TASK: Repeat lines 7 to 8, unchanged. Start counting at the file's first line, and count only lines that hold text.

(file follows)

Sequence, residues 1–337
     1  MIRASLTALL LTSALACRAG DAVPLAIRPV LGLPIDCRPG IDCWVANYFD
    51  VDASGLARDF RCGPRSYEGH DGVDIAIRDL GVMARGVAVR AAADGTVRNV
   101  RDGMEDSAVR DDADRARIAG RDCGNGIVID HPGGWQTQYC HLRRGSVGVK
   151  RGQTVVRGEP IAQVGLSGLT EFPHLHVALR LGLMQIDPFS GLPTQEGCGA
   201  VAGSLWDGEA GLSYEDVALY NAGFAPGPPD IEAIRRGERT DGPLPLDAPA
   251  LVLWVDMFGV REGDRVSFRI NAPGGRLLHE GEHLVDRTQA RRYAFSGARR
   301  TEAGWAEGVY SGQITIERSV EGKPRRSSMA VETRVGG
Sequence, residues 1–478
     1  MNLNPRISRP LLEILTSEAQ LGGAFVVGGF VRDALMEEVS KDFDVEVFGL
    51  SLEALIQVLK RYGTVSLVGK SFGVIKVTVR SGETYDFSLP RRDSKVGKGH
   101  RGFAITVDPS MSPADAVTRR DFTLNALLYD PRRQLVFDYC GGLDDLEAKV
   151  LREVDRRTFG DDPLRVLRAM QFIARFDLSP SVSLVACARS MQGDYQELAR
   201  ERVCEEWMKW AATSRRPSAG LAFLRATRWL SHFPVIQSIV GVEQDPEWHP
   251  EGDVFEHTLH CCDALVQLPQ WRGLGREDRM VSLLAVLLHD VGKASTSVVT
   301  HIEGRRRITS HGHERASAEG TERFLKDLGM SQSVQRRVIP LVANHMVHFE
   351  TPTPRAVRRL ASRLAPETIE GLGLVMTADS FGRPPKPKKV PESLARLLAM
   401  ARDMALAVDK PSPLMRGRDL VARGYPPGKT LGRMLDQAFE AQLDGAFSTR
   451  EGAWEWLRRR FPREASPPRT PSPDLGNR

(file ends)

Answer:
   251  LVLWVDMFGV REGDRVSFRI NAPGGRLLHE GEHLVDRTQA RRYAFSGARR
   301  TEAGWAEGVY SGQITIERSV EGKPRRSSMA VETRVGG